1. When needing to touch up a very visible surface with new paint, versus old product, what can be done to maximize the blending of a new product into the older surrounding finish?
Wash and dry the surface. Try to touch up the area, using the same method as was used originally.
2. In very hot and humid climates, such as Florida, what cost-effective paint products hold up better?
Interior or exterior, it is best to use a smooth, non-porous paint. Either semi-gloss or gloss, in either latex or oil paint.
3. When more than ten guest rooms need a paint “face lift,” and budget is very limited (a major consideration), what can be done first?
Clean the surfaces first. Next, touch up with paint. Then, paint the entire room, if the budget allows. An appealing, cost-effective option: In each room or area, paint one wall in a complementary hue or shade.
4. Let’s say that the property owners can’t, or don’t, fund guest room upgrades. What cost-conscious painting and decorating touches will enhance the area’s aesthetics and please the guests?
Wood furniture can be touched up with stain or varnish, even made to look “authentically old.” Repainting the entire room, including all trim, creates a fresh look – and tells guests that they really matter. Another option: Solid wood pieces can be sanded lightly and painted. “Touches” such as these will please the guests – and detract from the non-funded upgrades.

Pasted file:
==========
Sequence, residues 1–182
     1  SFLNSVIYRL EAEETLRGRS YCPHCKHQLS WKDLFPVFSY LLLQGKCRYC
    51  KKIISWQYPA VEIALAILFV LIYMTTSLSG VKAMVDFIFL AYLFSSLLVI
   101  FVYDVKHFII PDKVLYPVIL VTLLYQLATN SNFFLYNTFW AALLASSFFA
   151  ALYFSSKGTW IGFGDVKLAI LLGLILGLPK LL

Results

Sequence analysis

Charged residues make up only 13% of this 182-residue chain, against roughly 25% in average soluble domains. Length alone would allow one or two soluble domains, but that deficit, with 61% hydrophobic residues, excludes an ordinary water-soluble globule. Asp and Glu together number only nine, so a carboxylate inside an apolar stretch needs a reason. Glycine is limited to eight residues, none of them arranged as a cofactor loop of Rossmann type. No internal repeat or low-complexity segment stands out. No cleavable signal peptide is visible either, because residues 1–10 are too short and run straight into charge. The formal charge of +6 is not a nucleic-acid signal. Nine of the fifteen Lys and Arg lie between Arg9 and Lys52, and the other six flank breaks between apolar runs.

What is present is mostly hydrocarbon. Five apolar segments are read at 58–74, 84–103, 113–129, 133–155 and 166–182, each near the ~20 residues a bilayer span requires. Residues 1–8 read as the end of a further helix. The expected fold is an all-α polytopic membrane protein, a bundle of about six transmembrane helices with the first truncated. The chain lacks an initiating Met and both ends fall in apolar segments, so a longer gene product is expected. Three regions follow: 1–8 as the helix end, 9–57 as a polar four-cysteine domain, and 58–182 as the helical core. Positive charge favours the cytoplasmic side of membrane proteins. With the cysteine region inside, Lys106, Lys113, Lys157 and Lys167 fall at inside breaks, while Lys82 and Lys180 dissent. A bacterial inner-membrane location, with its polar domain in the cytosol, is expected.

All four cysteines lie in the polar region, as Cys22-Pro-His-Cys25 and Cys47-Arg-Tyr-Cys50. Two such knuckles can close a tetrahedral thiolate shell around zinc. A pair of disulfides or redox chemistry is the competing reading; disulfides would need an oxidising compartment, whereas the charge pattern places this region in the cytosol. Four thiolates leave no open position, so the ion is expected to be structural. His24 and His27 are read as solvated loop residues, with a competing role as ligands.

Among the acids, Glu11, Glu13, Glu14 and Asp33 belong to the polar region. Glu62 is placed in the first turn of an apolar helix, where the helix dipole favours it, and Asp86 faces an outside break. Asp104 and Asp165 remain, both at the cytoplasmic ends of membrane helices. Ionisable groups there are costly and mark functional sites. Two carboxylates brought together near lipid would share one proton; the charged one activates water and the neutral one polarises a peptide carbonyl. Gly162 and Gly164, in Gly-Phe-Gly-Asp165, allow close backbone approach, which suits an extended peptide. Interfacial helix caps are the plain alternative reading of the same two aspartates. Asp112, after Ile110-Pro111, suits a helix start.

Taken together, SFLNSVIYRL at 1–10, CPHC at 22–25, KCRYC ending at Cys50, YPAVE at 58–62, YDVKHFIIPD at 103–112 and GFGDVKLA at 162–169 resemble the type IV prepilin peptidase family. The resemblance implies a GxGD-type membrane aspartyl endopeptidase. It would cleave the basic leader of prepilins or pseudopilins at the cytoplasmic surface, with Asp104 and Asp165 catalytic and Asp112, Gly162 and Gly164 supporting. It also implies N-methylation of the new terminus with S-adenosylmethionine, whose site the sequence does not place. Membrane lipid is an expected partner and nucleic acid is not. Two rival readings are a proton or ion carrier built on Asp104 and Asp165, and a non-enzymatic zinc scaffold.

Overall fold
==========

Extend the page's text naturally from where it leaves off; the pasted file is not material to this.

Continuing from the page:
5. How do you repaint and childproof a family suite at the same time?
While painting a room, the maintenance techs can secure all loose items. Also, they can add electrical protection to the guest room, to prevent electrical shock to those little, and very special, guests. Regarding paint: Choose acrylic latex. It dries quickly and leaves behind few/no fumes, little/no odor.
6. In choosing which public areas to prioritize painting/decorating wise, during major budget-crunching periods, which should be at the top of your list?
There is always a difference of opinion here. I, however, would make sure that the bathroom and kitchen areas are kept as neat as possible.
7. During first shift, is there any way to paint a high traffic area, and keep guests from using/crossing “wet paint” zone anyway?
Normally, an area to be painted is secured by using “CAUTION” perimeter tape, and “WET PAINT” signs. These should be quite sufficient to get the guests’ attention.
8. During second or third shift, what’s the best, and probably most available, light source to use, when you need optimal light to paint or finish very high visibility and high traffic areas?
The available interior ambient lighting is sufficient. If the work includes exterior, then a halogen work light can be used, if needed.
9. When the total square footage of guest rooms that need repainting by far exceeds your paint supply of the original paint color, what are two alternative solutions that management might authorize?
Management either will say, “Do what you can.” Or, they will say, “Hold off until we can get more paint.” If very little paint is needed, you can offset the amount by adding a small amount of water, if the paint is latex.
10. How can the “works” of our graffiti-inclined guests (usually teens and young adults) be treated without breaking the paint shop budget?
In most cases, the graffiti is done with an ink marker. This can be spray-primed, initially. When dry, touch up the area with the appropriate paint(s). It is not effective to wash only the graffiti. It will only dull the painted surface.
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